FOR OVER 20 years the Teamsters pension fund has been investigated by one government agency or another. In the process, it has acquired a larger importance as a symbol of union racketeering and corruption and a prime example of the difficulties of preventing and rectifying pension fund mismanagement.

Last week Labor Secretary Ray Donovan appeared before the Senate permanent subcommittee on investigations to report the progress of his department's probe of the Teamsters' fund. The secretary supported legislation to stiffen penalties for labor corruption--measures also endorsed by AFL- CIO chief Lane Kirkland yesterday--and pledged vigorous pursuit of both civil and criminal allegations. Any effort to speed up resolution of the Teamster fund matter is certainly welcome. Miracles, however, should not be expected.

The issues involved in the continuing civil litigation --launched six years ago by the Labor Department under the new pension protection law passed by Congress--are enormously complex. Over one million pages of documents have already been gathered, and thousands more are being sought. The Teamsters' lawyers have taken full advantage of the many opportunities for delay built into the judicial process, and they will surely continue to do so. Responsibility for pursuing civil and criminal charges will still be split between the Labor and Justice departments, although the administration has elevated the status of their three-year- old joint task force and Secretary Donovan has promised to improve information-sharing between the two departments. Nonetheless it is likely that litigation will drag on for years in the pattern so familiar to prosecutors of antitrust and other complicated corporate cases.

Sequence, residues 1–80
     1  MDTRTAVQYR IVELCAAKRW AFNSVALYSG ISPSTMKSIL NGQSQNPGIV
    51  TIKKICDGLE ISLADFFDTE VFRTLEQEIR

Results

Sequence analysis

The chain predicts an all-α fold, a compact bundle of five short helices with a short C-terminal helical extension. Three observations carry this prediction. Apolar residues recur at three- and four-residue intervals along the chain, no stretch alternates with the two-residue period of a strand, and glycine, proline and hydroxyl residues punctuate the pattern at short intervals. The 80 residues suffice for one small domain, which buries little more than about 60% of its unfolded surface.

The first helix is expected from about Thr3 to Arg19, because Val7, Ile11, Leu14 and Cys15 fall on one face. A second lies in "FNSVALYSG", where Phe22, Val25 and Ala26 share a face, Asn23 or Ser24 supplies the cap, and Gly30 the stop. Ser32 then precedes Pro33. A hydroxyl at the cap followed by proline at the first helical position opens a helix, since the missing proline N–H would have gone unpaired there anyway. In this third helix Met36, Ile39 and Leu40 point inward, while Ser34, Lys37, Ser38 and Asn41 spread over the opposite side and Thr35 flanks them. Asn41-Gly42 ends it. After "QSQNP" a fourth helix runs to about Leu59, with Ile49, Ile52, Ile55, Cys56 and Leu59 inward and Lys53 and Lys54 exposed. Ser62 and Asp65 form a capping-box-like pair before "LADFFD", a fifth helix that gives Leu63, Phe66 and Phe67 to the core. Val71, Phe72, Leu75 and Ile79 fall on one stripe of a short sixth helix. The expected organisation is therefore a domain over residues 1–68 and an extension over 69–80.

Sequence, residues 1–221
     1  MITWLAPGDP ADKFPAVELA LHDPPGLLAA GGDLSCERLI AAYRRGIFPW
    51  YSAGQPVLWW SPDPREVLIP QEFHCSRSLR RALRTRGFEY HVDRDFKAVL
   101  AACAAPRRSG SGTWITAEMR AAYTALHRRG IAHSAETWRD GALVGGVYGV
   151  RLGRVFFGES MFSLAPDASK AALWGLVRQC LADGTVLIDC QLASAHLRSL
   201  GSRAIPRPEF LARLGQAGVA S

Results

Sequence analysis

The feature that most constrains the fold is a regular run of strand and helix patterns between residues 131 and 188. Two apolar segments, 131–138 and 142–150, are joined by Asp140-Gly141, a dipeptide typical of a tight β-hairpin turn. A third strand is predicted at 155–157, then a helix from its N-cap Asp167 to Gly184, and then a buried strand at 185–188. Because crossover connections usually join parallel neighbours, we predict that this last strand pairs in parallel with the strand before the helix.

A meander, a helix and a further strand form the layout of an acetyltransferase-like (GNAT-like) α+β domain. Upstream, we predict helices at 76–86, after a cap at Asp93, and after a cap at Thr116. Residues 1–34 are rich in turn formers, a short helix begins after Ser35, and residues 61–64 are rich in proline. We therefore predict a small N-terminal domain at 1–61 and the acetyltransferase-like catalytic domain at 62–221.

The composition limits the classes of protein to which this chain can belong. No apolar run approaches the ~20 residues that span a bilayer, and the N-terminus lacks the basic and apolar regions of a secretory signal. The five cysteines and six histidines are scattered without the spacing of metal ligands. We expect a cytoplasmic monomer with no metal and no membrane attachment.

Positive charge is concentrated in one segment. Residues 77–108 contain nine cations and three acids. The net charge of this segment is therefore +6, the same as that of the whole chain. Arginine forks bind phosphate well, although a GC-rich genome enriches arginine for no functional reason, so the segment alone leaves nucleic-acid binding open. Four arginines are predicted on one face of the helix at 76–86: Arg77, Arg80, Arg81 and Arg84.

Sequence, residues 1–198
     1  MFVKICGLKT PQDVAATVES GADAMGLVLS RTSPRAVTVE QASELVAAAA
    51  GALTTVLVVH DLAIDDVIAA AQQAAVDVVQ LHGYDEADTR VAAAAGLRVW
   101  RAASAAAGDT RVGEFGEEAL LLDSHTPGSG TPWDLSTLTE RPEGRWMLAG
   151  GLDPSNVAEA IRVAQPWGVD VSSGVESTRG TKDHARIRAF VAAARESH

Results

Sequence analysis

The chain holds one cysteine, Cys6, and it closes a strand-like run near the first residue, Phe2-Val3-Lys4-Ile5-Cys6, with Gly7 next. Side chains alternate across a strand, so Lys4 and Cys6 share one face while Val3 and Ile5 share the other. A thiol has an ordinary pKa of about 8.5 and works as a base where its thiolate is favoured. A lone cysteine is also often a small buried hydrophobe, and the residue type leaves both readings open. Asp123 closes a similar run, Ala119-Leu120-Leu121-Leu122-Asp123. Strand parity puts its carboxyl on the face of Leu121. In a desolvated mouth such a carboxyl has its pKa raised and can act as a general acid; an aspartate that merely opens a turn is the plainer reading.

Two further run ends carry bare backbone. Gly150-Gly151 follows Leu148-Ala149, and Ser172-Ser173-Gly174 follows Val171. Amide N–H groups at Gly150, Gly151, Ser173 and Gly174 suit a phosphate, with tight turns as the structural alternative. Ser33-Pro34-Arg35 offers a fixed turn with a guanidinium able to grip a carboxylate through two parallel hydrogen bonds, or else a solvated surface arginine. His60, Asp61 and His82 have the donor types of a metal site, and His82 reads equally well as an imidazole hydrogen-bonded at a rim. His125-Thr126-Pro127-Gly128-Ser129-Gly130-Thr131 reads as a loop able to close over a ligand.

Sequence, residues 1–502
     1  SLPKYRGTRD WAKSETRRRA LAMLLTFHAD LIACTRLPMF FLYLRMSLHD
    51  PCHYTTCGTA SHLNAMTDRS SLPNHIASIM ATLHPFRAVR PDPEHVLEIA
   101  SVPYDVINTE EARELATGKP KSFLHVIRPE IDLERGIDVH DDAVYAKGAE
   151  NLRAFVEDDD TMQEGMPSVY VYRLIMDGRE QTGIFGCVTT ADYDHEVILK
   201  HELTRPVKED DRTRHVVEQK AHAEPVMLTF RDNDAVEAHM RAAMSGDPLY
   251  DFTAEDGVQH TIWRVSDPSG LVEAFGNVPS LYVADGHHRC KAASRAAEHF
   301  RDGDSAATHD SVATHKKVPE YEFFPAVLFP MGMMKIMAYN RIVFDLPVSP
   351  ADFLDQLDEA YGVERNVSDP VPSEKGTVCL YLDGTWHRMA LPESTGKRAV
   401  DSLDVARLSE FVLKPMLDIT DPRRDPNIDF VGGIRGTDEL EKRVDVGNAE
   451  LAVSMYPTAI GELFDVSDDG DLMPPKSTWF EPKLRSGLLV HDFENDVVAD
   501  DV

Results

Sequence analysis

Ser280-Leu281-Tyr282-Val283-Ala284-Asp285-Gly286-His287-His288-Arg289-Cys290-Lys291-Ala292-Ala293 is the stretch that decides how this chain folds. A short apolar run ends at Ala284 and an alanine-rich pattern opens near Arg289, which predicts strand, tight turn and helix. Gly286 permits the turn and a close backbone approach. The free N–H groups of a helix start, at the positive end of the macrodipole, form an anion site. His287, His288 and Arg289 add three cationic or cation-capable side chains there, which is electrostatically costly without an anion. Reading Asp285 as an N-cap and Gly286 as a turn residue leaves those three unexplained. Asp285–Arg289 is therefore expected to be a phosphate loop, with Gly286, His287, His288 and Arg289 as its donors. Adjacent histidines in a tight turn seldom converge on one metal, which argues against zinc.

The most urgent need is to make sure that the almost $3 billion now in the pension fund doesn't fall into untrustworthy hands. In 1977 the Labor Department and the IRS rescued the fund from its former trusteeship by muscling through a voluntary agreement under which new trustees were selected, and the fund was placed under independent control. That agreement will expire next year, and the present trustees have been reluctant to accept continuation of certain terms the government feels are essential for fund protection.

Resolving the Teamster pension matter is very important, but it will still leave open the larger question of pension protection. The Teamster case is the most prominent but certainly not the only case of possible abuse by corporate or union trustees. Policing every pension fund of any size would require an army of investigators and, even then, legal prohibitions would remain a weak deterrent because of the time it takes to secure a final judgment in the courts. The surest solution--certain to be mightily resisted by both companies and unions--would be to require independent management of all pension funds of any size.